By Arianne Aryanpur and Kendra Marr
Washington Post Staff Writers
Thursday, September 20, 2007
Loudoun officials said this week that although they regret AOL's decision to move its corporate headquarters from Dulles to New York, they remain optimistic the company will maintain a strong presence in the county.
"We regret that they've chosen to move, but we understand why," said Dorri O'Brien Morin, spokeswoman for the Loudoun County Department of Economic Development.
On Monday, AOL announced it was moving its senior executives to new corporate headquarters in Manhattan to be closer to the advertising industry as part of a restructuring. AOL employs about 4,000 people at its Dulles campus, most of whom will remain, the announcement said.
A Loudoun official, who spoke on the condition of anonymity, said she was told by AOL executives that the move will affect fewer than 100 people. Calls to AOL seeking exact numbers were not returned Tuesday.
"There are those Chicken Littles that say the sky is falling, but the bottom line is we're still home to AOL," Morin said. "There will still be 4,000 people working. There will still be a lot of brain power coming to that campus."
Bobbie Kilberg, chief executive of the Northern Virginia Technology Council, a membership and trade association for the technology industry, said the long-term effects of the headquarters move could be more pronounced.
"When you take the leadership of a company and move it to another city, logic tells you that over time there will be a diminution of the jobs that are left there, either because more functions over time will switch to the new headquarters or employees will leave for other opportunities. That's basic Business 101," Kilberg said.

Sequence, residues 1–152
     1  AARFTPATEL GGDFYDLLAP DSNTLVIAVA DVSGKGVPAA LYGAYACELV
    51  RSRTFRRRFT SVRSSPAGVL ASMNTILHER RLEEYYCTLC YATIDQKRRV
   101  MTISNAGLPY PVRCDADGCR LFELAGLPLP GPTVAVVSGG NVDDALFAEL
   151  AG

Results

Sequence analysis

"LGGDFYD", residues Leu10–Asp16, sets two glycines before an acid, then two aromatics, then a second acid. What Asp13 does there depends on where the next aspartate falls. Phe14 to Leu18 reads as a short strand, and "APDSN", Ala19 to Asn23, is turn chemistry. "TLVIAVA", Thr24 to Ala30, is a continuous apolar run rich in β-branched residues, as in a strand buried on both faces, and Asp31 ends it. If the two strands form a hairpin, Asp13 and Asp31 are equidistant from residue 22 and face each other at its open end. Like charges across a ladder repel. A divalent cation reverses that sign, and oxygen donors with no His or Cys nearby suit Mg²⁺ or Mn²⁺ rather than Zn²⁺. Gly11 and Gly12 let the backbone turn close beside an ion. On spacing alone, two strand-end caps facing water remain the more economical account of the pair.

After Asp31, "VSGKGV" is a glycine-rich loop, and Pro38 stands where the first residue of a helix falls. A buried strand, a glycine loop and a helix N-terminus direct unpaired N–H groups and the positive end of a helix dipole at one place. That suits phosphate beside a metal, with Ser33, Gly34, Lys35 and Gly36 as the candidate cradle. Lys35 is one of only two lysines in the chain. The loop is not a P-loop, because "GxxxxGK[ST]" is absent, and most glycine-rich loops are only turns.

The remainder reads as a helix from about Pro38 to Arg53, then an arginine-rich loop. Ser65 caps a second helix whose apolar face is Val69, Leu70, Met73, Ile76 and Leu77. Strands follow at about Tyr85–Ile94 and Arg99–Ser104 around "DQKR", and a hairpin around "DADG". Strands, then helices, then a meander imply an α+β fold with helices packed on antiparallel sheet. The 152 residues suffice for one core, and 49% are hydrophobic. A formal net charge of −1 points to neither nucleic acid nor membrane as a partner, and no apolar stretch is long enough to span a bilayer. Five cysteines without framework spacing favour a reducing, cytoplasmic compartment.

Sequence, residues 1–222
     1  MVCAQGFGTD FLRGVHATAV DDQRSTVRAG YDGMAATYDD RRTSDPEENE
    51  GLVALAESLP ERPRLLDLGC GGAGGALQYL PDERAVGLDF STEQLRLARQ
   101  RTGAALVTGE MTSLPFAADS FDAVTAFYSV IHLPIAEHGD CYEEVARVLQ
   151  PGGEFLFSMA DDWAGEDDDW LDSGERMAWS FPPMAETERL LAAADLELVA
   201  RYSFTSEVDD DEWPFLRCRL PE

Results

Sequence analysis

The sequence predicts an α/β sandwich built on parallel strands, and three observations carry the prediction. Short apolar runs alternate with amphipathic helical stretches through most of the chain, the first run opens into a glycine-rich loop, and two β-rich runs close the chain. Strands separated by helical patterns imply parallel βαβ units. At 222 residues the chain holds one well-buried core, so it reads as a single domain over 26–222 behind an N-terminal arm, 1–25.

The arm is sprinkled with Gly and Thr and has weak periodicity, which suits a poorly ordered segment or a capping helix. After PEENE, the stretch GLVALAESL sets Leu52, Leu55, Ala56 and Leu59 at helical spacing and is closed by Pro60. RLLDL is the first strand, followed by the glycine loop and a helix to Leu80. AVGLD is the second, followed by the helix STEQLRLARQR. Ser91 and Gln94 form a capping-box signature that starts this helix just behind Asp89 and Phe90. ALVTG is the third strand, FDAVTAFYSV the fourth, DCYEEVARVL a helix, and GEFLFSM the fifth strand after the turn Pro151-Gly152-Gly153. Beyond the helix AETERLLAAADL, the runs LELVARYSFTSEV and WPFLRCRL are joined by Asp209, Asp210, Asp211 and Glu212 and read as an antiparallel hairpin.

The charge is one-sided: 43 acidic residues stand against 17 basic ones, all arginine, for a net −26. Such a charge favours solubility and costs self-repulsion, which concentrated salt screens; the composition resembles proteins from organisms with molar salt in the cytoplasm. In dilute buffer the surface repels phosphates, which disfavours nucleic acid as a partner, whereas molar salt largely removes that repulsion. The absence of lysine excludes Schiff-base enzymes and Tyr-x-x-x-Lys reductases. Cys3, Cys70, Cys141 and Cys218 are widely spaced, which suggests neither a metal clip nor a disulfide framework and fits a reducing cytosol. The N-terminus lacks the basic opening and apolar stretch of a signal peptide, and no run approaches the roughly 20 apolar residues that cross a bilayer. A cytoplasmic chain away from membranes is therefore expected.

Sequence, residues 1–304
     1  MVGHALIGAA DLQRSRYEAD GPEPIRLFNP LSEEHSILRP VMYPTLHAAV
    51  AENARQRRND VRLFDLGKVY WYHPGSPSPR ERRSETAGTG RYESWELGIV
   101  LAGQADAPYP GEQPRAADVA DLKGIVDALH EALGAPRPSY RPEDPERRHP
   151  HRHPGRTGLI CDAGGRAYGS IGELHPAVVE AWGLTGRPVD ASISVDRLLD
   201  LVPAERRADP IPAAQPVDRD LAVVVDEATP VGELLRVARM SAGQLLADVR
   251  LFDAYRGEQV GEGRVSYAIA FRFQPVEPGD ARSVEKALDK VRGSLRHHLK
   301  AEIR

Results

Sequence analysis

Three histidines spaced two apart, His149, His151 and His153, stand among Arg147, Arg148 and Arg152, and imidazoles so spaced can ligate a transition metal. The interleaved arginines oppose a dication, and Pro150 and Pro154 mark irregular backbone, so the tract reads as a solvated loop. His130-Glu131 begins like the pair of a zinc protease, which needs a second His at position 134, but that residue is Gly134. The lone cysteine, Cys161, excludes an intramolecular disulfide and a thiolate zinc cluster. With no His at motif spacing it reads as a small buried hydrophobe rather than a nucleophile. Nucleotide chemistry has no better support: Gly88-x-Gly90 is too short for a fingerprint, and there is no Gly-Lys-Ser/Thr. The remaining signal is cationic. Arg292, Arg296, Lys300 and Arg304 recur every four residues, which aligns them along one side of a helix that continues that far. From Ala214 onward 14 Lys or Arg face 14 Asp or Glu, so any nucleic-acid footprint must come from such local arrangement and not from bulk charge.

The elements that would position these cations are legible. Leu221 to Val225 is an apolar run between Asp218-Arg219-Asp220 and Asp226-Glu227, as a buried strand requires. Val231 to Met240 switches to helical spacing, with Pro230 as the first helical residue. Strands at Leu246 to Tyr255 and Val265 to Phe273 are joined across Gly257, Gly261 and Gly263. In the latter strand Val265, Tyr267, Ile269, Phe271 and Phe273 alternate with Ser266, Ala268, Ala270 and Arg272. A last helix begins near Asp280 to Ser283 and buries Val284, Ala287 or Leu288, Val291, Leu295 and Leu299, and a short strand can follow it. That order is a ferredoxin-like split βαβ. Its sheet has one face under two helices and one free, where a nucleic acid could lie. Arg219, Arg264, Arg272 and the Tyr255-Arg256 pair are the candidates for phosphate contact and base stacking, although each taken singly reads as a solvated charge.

Although local officials and business analysts said the move will not affect the area's economy, they agreed that symbolically it will hurt Loudoun's image as a high-tech center. Information sector jobs account for about 7 percent of the county's workforce, according to the economic development department.
"It's a psychological hit because if for no other reason, AOL was one of the companies that put Northern Virginia on the map as a global technology center," Kilberg said.
According to 2006 data from the Economic Development Department, AOL is the county's largest private employer, followed by Verizon Business and M.C. Dean.
Robyn Bailey, manager of business infrastructure for Loudoun County, said that if AOL left Dulles, it could easily rent individual office buildings to different companies. The campus has several freestanding buildings connected by sprawling, manicured fields and metal bridges.
Tony Howard, president and chief executive of the Loudoun County Chamber of Commerce, said he doubts AOL would ever contemplate leaving Dulles altogether. AOL executives are well aware that technology workers want to live in Northern Virginia and that attempts to relocate them in large numbers would backfire, Howard said.
"Workers really dictate where the jobs are . . . and this is where the talented, ambitious workers are located," he said.
Stephen S. Fuller, director of the George Mason University School of Public Policy's Center for Regional Analysis, agreed.
"Some of the [AOL] workers out there who do see this as a threat will leave and start their own business," he said.
Fuller said he didn't think the move would affect Loudoun's ability to lure high-tech businesses.
"I think companies will continue to come to Loudoun County. We have the best educated workforce in the country. We have a low unemployment rate. We have a high-quality living environment and a good transportation system," Fuller said.
Business owners along Route 625 near the Dulles campus said they didn't expect to be immediately affected by the move.
Papa John's assistant manager Justin Crum said his pizzeria receives about five orders a week, some quite large, from AOL. With the business he gets from Dulles International Airport, Oracle and other technology companies, he isn't worried.
"There's so many businesses around this area it won't impact our business too bad," Crum said.
Nirajan Sigoun, manager of Moe's Southwest Grill, agreed. "It won't be the end of us," said Sigoun, who serves a few AOL employees at lunch each day.
David Sun, manager of the In & Out Market, a nearby convenience store, wondered whether it would be the beginning of bigger changes and more employee relocation.
"I would like them to stay," Sun said.